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DuckDuckGo shames Google for ‘spying’ on iPhone users

iOS 14 Privacy Features

Apple rolled out two major privacy features in iOS 14. The new app privacy labels tell users just how much data an app can collect about them. Then there’s the app tracking transparency (ATT) feature that forces developers to ask for permission to track iPhone and iPad users. These tools really upset Facebook, which mounted a massive offensive against Apple’s privacy protections. Hiding behind small businesses, Facebook is practically begging users to allow its apps to track them online. Apple’s new privacy features do not prevent tracking. They’re only meant to make the controversial practice more transparent, offering users information on what sort of data can be collected by forcing developers to be specific when asking users to opt-in.

Google wasn’t as loud as Facebook, although Google’s recent delayed updates with its iOS apps spoke volumes. On the one hand, Google is forced to match iOS’s new privacy features in Android, and the company is already making some moves that show its willingness to build stronger privacy features in its products. On the other hand, Google needs to track users to make money, just like Facebook.

After months of app update delays, Google has finally started releasing new app updates that prove just how much data Google collects on iPhone and iPad. And DuckDuckGo is now shaming Google Chrome and Google Search for “spying” on users.

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DuckDuckGo offers a search engine of its own on mobile and desktop, as well as a mobile browser app. The company took to Twitter to publish a comparison between the app privacy labels of DuckDuckGo Privacy Browser, Google Chrome, and Google Search. As expected, the amount of personal data Google collects is staggering. Google never sells that data to advertisers, but it does collect an incredible amount of data about a user’s online habits.

“After months of stalling, Google finally revealed how much personal data they collect in Chrome and the Google app. No wonder they wanted to hide it,” DuckDuckGo said on Twitter. The company referred to Google’s app update pause between mid-December and mid-February that everyone in the business noticed. The Gmail and YouTube updates finally dropped a few weeks ago, exposing the various data points they grab from iPhone and iPad users.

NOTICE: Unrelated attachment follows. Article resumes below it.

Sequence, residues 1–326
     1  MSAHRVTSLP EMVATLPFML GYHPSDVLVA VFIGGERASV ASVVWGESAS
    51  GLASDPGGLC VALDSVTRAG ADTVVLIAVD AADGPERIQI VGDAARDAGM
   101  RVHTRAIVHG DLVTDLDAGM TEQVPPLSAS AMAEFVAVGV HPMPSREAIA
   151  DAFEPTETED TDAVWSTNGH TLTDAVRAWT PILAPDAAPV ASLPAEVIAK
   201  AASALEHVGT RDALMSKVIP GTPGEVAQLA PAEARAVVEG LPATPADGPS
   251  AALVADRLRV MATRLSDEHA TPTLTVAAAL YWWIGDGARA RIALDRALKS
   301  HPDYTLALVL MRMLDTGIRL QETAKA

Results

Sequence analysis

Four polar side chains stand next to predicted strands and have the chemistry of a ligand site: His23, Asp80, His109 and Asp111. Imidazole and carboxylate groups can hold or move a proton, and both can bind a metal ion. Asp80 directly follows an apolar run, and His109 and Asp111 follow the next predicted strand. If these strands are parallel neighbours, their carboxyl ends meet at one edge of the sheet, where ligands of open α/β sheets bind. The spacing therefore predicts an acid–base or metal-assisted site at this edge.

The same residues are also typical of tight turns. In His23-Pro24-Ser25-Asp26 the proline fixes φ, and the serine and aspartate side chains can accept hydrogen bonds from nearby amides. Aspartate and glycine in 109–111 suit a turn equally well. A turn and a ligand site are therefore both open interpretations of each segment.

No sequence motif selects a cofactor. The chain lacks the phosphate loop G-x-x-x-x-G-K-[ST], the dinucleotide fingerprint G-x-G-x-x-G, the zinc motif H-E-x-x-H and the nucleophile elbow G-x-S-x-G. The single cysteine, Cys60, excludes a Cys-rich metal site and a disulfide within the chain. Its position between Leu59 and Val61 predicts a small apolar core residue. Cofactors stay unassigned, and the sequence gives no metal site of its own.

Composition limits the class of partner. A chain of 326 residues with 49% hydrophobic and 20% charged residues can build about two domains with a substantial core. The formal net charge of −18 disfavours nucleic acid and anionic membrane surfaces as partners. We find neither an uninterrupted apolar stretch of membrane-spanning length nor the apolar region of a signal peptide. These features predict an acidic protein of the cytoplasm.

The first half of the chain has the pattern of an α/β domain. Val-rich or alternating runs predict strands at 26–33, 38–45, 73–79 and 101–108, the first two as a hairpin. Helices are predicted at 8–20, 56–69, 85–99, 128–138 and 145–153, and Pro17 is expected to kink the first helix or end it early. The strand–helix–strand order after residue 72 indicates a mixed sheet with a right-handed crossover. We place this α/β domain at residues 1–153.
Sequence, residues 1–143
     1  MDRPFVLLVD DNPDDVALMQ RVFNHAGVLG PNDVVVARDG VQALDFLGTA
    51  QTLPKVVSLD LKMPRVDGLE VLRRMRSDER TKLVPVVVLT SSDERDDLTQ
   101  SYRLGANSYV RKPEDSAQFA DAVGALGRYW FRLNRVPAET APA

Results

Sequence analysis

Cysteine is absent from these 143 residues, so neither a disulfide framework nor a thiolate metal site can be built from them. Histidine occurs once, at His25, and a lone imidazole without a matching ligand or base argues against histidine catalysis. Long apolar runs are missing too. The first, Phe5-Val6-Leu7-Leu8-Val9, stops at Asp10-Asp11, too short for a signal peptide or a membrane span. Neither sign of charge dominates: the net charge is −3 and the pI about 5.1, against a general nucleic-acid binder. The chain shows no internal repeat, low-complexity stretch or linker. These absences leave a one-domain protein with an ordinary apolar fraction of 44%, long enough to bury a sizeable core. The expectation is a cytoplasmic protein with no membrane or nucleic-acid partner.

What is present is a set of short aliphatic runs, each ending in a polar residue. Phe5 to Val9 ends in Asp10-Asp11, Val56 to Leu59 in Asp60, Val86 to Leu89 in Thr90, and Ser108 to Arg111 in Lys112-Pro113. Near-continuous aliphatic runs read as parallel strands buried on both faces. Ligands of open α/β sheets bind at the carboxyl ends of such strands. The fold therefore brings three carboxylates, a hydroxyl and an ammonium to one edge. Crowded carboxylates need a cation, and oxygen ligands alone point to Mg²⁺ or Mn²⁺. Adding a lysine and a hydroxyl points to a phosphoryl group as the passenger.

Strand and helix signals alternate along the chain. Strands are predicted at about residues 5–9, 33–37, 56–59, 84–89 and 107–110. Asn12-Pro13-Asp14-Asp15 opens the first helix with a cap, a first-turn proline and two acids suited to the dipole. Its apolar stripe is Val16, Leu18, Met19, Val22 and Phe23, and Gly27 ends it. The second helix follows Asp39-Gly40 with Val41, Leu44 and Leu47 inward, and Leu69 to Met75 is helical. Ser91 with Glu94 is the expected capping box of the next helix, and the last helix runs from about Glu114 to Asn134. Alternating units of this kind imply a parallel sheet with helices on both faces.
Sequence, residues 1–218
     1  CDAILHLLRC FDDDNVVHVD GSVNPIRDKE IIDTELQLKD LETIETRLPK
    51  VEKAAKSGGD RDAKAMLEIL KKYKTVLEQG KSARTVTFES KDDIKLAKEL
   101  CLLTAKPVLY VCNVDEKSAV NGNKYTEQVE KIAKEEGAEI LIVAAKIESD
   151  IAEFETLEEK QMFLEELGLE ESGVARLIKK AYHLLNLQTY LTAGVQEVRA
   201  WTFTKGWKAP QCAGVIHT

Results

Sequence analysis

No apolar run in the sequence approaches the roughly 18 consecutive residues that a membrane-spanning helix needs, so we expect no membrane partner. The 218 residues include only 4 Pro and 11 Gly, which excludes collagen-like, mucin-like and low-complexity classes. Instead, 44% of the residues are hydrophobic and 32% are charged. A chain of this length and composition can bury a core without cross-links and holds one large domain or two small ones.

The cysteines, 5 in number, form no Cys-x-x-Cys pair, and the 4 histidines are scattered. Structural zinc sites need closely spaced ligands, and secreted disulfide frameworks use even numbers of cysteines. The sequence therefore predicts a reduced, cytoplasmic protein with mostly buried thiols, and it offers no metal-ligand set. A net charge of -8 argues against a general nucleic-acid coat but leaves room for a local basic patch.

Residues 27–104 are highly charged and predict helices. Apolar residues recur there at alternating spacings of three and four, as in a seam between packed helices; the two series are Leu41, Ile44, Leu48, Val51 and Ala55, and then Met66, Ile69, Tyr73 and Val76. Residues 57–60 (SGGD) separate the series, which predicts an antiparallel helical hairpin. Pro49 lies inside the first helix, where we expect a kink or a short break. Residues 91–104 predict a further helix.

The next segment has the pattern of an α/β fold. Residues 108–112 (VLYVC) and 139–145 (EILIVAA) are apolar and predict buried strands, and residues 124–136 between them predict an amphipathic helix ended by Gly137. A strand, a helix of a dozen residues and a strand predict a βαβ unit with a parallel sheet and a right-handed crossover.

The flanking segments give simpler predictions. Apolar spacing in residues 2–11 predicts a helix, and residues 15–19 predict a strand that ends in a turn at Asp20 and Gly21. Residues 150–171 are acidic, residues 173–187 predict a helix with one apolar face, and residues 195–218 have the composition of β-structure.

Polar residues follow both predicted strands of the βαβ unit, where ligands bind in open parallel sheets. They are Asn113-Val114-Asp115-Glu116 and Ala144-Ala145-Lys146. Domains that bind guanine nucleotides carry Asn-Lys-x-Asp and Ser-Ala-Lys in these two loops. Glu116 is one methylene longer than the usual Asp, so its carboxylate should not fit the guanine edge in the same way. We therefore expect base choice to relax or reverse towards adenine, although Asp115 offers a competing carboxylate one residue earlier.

“Spying on users has nothing to do with building a great web browser or search engine. We would know (our app is both in one),” DuckDuckGo said, adding that its Privacy Browser is now the second most downloaded browser in the US after Chrome. The browser “doesn’t collect any data that’s linked to you, making it simple to get the privacy you deserve online.”

That said, the personal-data-for-free-apps trade-off is something many people agree to. Google offers plenty of useful must-have apps and services on mobile and desktop. They’re available for free to users who agree to be tracked so that Google can make money. The same goes for Facebook’s apps, although Google does have a lot more must-have apps in its catalog than the social network. Facebook’s data collection practices on iPhone and iPad are equally scary.

To see what sort of data an app can gather about you, head to the App Store on iPhone, iPad, or in an internet browser, search for the app in question and go to the App Privacy section. There’s not much you can do about it except blocking some data collection by changing permissions. Down the road a bit, you’ll be able to make a more informed decision about allowing apps to track you online across apps when the ATT prompts start rolling out.

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Chris Smith started writing about gadgets as a hobby, and before he knew it he was sharing his views on tech stuff with readers around the world. Whenever he's not writing about gadgets he miserably fails to stay away from them, although he desperately tries. But that's not necessarily a bad thing.